R.S. Broomfield, Ag. C.J.
1. The accused in this case were charged with offences under Sections 4 and 5 of the Bombay Prevention of Gambling Act, 1887, and were convicted and ordered to pay fines of varying amount. On appeal, the Sessions Judge of Dharwar set aside the convictions and acquitted the accused. The Government of Bombay has now appealed against the order of acquittal.
2. The facts need only be mentioned very briefly. The Police Sub-Inspector of Hubli, having received information that accused No. 1 was using his house at Hubli as a common gaming house, obtained a special warrant from the Magistrate and searched the house on February 9, 1938. At the time of the raid seven persons were found sitting in the room and playing a game of cards called pettin-ata for money stakes. One of the seven persons absconded, and of the six who were charged in the case, one, accused No. 2, was examined as a witness. The Magistrate acquitted accused No. 6, and convicted Nos. 1, 3, 4 and 5.
3. The only point that was argued in the appeal before the Sessions Judge was whether this game pettin-ata is a gambling game or not. The game has been thus described by accused No. 2 who, as I say, was examined as a witness in the case, and who gave a demonstration of the game before the Magistrate and the Sessions Judge. The game is played by four or six persons, each player being dealt eight cards. After the cards are dealt the players make a call in turn contracting to make so many tricks. The maker of the highest call declares the trump suit. Each of the players contributes a certain stake, usually one anna, to the pool. If the player who makes the highest call makes the number of tricks he contracts to make, he takes the amount of the pool; but if he fails he has to contribute an equal amount to the pool. So that after the hand is played, if the highest bidder is unsuccessful, the pool is doubled. The game consists of three deals. If in the third hand the highest bidder is successful he takes the whole of the pool; if he fails the pool is divided equally among all the players including the unsuccessful final bidder.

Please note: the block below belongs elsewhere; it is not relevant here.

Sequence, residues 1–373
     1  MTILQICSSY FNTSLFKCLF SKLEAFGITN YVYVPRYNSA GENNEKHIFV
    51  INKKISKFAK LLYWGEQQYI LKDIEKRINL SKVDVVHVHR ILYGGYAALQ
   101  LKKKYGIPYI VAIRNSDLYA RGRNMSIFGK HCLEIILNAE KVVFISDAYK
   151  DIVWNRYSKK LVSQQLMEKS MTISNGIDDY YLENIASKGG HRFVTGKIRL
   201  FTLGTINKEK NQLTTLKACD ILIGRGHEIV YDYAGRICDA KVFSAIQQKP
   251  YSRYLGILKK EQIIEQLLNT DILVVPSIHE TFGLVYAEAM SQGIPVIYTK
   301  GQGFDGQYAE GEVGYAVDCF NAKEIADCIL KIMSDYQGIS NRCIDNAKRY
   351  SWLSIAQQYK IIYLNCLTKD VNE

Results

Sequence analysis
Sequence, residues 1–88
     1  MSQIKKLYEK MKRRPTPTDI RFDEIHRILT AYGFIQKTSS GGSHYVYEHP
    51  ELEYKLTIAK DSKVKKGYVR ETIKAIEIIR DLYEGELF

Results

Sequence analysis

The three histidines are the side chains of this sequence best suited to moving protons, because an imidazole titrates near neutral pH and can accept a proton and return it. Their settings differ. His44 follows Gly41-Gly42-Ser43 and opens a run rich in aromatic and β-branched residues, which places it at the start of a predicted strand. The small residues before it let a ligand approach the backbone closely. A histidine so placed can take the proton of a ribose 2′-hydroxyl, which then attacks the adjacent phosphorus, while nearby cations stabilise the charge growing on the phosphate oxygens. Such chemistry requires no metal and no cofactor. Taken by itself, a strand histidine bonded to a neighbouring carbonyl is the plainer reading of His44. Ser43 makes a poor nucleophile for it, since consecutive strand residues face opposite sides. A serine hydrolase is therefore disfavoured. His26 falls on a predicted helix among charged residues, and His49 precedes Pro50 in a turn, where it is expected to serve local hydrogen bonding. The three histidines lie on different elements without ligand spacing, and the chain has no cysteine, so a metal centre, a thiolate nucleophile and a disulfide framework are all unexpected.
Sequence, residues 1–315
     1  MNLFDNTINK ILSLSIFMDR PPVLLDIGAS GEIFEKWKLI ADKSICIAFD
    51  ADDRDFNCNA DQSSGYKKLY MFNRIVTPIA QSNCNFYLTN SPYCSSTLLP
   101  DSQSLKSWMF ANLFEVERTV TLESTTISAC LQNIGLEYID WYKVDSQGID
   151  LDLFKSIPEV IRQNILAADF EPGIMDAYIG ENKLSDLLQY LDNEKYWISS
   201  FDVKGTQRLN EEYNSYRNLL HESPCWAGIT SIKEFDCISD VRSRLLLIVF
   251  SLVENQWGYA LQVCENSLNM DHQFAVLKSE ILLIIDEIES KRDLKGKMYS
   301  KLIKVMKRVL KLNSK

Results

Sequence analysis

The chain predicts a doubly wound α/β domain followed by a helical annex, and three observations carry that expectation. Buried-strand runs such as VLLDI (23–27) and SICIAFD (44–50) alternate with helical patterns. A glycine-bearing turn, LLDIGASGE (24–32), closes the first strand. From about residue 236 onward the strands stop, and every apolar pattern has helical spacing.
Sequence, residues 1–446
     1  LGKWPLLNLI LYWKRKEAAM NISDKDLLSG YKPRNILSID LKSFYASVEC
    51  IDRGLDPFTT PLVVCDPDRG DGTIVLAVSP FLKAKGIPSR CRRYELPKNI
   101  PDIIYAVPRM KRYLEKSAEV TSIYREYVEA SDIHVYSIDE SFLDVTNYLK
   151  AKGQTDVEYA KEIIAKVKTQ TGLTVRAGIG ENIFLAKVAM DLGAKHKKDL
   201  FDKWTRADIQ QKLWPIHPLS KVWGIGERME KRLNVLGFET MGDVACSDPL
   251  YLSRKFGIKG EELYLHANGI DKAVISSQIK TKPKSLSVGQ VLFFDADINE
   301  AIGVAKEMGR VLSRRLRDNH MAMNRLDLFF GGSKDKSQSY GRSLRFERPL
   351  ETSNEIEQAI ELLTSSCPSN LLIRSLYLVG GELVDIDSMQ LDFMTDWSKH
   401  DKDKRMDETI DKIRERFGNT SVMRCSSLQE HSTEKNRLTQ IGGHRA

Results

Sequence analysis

4. The view taken by the learned Sessions Judge is that it cannot be regarded as a game of mere chance, and that there is an element of skill in it. That is perfectly true, but, unfortunately, it is not the point which arises on the construction of the Act. Section 13, which is the important section, says that nothing in this Act shall be held to apply to any game of mere skill wherever played. 'Mere skill' means pure skill, skill and nothing else. It is sufficiently obvious, we think, without reference to any authorities, that a game in which there is a substantial element of chance cannot be described as a game of mere skill or pure skill. The game, which has been described in this case, is similar to the well-known game of Nap. It is a rather elaborate form of Nap, having some similarity, no doubt, to contract bridge. I should say myself that there is far more chance than skill in the game. But, in any case, it cannot possibly be denied that there is a very substantial element of chance in it. That being so, it is not a game of mere skill, and comes within the mischief of the Bombay Prevention of Gambling Act.
5. The learned Sessions Judge appears to have relied on some observations of the learned Judicial Commissioner of Sind in Mahomed Hassan. Emperor A.I.R.  Sind. 99. The Court was there dealing with a game called Corinthian bagatelle, not a card game, and the observation of the learned Judicial Commissioner, on which the Sessions Judge relied, was as follows (p. 99):